The Rates, They Are a Rising
Interest rates aren’t a prime example of an exciting topic. After all, most people only care about interest rates when they’re in the market for a new home or looking to refinance an existing loan at a lower rate. Even those capable of drawing a connection between interest rates and retirement portfolios struggle to find clarity with the relationship, finding it mostly affecting bonds, the boring part of the portfolio. I would argue, stay with me here, not only are interest rate movements key drivers of portfolio returns, but we’re living in a fascinating moment in time for interest rates.
I’m sure I just lost most of my audience, but for those of you still reading, thank you. The respect has been noted and will not been forgotten.
The 2016 election was a shocking event in many ways. From a financial standpoint, none was larger than the leap in rates that occurred, sharply reversing a general trend that had been ongoing since before I was born. Since 1981, when Olivia Newtown John’s Physical was topping the charts, and 10-year U.S. Treasury rates were over 15%, we’ve been in a long term falling interest rate environment. As many of you already know, falling interest rates provide a tailwind to returns when investing in bonds. It was a golden age to be a fixed income investor. Endowments and insurance companies loaded up on fixed income, easily hitting their 6% return targets, all the while enjoying the low volatility bonds provided. Fixed Income money managers like Bill Gross, the “King of Bonds”, built up billion-dollar funds with sterling risk/reward measurements. Like all things that are too good to be true, it wouldn’t last.
Beginning in 2012, 10-year U.S. interest rates began to bottom out, bouncing around rangebound between 1.7% and 2.7%. The long-term inflation rate began acting as a floor for rates, as investors were unwilling to accept locking in returns lower than expected inflation rates. It was at this point we at Sage Advisors began to consider the implications of rising interest rates and adjusting the portfolios accordingly. Thus far, we’ve been discussing bonds as a single monolithic entity, which of course is far from the truth. There are long duration bonds and short duration bonds, government bonds and corporate bonds, investment grade bonds and high yield bonds, fixed rate bonds and floating rate bonds, domestic bonds and international bonds, and on and on and on. Rising interest rates impacts all these bonds in different ways. Long duration U.S. government bonds get hammered with unexpected rate rises, while floating rate bonds thrive in these environments. Higher yielding bonds blunt the impact of rising rates, while lower yielding investment grade bonds cannot. In 2012, we began to shift a portion of our fixed income portfolio to better prepare and protect for the risk posed by a sharp upward movement in interest rates. While we didn’t know at that point what the impetus would be for rates to begin moving back upward, we wanted to be prepared for it. It took almost 4 years before rates really started taking off, but when they did, the portfolios were ready, and we were rewarded with excellent returns amongst many of the new funds.
However, this repositioning of the fixed income portfolios needed to be a balancing act. Bonds are designed to be the conservative ballast of your portfolio, stabilizing returns and lessening volatility, particularly in a stock correction. This creates a potential problem as the bonds that are best able to thrive in a rising interest rate environment are the most equity-like and volatile in a flight to safety scenario like 2008. The solution we designed in your portfolios is a core/satellite approach. The core of the fixed income portfolios is extremely low volatility, investment grade bond funds. These are the funds that excelled in 2008 and have negative correlation to equities. These funds struggle in sharply rising rate environments like the one we are in now, with many down 0.5% to 1% over the past year. They provide the low volatility hedge that conservative portfolios require, and all our core bond funds have outperformed their benchmark index, the Barclays Aggregate Bond Index, since 2016 due to the benefits of active management. This core is then surrounded by what we deem “Satellite Bonds”; bonds that provide lower volatility than stocks but can generate alpha in a rising interest rate environment like the one we find ourselves in today. Floating Rate Funds, High Yield Funds, Foreign Bonds Funds, and Market Neutral Funds are all examples of funds that have historically done well in rising interest rate environments. These funds are up 2% to 5% over the past 12 months, behaving just as we expected them to in a rising rate scenario.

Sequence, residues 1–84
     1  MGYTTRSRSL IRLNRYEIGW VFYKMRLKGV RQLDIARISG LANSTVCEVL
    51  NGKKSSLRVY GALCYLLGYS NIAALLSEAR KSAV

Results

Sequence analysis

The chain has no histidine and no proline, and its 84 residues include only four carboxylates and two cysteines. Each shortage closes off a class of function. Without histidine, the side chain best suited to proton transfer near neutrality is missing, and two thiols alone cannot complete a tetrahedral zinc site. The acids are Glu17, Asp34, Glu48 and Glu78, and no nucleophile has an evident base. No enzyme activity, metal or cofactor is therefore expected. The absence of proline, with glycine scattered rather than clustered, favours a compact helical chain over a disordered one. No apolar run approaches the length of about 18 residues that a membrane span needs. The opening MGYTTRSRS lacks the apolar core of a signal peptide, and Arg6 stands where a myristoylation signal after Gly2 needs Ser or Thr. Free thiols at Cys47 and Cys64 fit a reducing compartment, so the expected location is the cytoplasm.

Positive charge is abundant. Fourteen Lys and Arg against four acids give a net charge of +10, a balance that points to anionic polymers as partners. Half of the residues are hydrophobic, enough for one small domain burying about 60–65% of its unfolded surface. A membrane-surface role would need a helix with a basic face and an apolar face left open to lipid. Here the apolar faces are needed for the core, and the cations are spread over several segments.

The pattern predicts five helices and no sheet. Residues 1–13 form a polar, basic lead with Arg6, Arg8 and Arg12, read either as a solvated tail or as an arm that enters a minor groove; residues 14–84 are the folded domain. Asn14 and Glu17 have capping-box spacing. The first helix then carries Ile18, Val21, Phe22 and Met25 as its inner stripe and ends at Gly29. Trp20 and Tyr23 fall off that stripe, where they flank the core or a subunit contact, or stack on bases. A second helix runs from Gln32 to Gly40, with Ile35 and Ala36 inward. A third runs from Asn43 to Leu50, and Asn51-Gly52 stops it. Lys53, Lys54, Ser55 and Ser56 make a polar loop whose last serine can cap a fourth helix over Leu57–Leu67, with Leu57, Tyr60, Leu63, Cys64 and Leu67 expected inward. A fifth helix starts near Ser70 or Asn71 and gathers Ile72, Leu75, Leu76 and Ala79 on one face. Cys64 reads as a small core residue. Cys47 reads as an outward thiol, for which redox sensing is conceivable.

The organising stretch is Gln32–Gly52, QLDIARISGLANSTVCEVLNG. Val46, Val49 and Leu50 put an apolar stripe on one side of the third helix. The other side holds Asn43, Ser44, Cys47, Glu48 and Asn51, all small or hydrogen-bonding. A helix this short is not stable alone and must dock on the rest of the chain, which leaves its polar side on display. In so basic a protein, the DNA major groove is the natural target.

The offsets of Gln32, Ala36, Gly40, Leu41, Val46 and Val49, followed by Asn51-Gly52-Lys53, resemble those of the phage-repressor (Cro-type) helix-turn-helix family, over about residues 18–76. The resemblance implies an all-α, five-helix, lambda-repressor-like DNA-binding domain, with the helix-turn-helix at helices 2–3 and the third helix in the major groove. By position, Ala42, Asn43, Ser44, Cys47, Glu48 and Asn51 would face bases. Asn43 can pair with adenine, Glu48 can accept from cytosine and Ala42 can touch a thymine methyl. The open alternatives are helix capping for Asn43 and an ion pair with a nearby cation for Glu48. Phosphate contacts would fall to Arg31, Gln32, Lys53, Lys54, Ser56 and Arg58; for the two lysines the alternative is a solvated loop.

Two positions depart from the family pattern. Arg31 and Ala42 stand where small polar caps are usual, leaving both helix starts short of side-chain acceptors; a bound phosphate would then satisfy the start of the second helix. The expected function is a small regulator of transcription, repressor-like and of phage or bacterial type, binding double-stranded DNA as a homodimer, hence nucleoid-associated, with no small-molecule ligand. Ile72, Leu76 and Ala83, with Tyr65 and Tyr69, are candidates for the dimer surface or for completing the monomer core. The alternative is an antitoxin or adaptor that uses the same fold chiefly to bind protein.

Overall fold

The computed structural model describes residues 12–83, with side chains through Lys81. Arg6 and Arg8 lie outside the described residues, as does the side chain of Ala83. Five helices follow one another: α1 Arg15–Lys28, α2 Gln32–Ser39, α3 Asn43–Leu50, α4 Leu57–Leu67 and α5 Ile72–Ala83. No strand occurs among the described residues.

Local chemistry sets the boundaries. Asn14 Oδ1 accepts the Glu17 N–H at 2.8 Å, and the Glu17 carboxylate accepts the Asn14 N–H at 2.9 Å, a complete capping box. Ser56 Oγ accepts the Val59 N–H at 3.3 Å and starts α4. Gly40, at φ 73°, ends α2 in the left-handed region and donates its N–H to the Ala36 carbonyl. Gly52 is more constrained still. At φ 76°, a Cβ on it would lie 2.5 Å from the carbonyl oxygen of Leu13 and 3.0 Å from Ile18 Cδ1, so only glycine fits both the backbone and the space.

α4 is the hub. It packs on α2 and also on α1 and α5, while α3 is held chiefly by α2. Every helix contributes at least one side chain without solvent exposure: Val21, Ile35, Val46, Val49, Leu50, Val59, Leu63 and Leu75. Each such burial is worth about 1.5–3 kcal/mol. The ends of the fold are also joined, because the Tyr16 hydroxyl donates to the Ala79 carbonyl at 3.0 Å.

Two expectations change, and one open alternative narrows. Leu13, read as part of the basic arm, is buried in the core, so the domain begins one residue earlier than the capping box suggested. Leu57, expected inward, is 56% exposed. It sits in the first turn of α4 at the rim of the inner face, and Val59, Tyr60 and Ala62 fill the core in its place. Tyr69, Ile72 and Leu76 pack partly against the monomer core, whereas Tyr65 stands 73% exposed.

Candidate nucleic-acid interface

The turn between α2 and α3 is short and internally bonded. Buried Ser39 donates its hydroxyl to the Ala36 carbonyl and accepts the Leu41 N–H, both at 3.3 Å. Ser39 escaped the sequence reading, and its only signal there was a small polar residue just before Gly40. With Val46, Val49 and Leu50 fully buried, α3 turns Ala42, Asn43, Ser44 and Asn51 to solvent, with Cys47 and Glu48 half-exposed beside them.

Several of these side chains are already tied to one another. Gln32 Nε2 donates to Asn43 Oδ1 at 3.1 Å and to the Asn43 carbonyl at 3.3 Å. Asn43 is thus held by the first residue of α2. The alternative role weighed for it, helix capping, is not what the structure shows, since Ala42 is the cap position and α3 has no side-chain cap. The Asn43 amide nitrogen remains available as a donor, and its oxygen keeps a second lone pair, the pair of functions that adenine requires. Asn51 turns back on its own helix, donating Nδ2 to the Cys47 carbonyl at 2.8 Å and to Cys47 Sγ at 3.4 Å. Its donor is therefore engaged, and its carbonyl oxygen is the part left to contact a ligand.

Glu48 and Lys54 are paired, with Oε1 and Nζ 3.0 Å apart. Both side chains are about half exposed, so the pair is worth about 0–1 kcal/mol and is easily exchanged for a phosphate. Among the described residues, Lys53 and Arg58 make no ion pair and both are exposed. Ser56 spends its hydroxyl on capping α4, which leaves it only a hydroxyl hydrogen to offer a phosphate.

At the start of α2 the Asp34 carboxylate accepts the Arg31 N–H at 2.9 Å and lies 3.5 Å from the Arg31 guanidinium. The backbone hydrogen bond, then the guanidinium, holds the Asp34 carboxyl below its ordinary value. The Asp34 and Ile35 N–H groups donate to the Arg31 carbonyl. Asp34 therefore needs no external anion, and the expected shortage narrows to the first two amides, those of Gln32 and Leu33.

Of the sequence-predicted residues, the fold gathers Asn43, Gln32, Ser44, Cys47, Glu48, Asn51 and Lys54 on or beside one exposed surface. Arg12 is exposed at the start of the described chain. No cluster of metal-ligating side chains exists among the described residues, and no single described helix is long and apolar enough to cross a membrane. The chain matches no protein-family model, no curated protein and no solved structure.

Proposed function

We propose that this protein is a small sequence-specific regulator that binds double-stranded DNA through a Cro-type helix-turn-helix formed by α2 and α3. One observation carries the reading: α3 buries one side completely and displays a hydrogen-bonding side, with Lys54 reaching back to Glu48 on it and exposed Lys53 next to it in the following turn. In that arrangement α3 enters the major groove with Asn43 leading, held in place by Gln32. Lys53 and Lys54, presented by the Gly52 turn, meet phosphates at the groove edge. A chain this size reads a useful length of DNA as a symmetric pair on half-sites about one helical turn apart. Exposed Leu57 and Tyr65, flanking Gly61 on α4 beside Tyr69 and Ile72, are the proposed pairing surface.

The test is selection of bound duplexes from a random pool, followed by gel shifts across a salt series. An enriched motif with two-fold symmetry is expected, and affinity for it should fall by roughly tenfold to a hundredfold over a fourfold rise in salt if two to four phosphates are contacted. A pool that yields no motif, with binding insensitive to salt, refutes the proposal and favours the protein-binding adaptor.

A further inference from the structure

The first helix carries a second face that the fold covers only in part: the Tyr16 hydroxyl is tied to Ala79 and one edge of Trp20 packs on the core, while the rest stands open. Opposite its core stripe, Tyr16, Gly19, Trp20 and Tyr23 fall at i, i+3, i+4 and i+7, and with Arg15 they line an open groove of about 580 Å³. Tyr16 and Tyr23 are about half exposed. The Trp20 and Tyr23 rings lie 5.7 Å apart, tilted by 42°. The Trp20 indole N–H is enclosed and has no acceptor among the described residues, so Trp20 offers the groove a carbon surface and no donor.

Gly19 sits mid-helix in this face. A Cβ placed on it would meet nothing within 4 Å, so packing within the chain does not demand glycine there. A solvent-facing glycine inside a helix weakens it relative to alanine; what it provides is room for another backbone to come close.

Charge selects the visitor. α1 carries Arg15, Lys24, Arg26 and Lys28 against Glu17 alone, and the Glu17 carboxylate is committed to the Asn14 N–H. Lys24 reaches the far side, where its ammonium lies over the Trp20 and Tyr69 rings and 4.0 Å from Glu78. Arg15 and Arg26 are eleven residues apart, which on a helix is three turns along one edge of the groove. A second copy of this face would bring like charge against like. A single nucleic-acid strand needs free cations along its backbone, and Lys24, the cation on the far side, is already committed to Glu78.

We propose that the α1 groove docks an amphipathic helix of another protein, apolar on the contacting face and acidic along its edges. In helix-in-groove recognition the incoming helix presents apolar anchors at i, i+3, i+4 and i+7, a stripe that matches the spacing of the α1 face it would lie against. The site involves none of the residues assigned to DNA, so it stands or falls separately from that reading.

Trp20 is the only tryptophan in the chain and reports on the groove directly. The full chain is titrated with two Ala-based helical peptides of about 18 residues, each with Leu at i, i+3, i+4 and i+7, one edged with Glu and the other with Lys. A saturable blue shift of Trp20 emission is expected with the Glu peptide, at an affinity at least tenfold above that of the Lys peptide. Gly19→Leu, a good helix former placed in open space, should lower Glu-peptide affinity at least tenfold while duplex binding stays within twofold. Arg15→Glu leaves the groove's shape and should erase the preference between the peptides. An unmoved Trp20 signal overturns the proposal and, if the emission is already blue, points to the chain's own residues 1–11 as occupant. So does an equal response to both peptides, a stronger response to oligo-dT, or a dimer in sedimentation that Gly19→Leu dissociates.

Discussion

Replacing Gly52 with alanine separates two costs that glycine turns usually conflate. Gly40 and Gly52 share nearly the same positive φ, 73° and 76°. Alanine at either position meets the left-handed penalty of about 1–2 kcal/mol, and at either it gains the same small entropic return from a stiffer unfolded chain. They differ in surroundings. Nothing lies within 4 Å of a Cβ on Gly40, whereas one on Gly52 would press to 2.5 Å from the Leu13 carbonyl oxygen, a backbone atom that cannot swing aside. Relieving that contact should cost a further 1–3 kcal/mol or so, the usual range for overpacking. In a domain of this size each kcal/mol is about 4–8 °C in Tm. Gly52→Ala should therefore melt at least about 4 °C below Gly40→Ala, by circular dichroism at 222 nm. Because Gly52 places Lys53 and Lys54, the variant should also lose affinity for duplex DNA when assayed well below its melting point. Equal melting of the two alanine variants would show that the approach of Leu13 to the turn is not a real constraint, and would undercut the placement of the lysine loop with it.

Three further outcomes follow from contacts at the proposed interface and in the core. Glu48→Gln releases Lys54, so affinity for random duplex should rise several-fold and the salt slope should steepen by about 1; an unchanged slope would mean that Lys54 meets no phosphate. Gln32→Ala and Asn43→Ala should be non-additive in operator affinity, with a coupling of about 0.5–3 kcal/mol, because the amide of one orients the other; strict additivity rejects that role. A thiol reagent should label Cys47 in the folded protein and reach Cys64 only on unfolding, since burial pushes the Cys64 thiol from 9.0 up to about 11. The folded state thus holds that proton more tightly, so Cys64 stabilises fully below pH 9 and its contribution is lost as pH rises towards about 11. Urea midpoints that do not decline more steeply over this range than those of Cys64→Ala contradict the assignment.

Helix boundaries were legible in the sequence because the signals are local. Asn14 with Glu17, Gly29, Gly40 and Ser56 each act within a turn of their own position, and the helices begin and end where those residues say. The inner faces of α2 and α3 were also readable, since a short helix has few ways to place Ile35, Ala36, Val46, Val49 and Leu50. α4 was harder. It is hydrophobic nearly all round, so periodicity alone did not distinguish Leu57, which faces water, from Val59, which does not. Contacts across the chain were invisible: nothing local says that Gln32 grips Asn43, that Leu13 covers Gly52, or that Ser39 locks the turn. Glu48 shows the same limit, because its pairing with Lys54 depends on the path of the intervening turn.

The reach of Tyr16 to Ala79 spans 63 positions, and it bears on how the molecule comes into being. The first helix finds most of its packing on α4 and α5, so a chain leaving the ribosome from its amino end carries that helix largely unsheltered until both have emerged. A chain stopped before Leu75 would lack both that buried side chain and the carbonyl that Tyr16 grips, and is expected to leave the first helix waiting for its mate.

Interest rates, like so many of the other pieces of the financial markets, are notoriously difficult to predict. They may keep shooting up for the next decade. They may level off in the upcoming months and become rangebound at a slightly higher level than before. Maybe they’ll even go back down! The fact of the matter is we can’t predict interest rate movements, but we can prepare for whatever market environment comes next. We can create fixed income portfolios that protect against interest rate risk and principal risk. We can look forward to what the next 30 years hold rather than investing for the last 30 years, and we can feel good about the ongoing quality of our investment portfolios. As always, thank you for the opportunity to serve you, we hope we continue to earn that opportunity for years to come.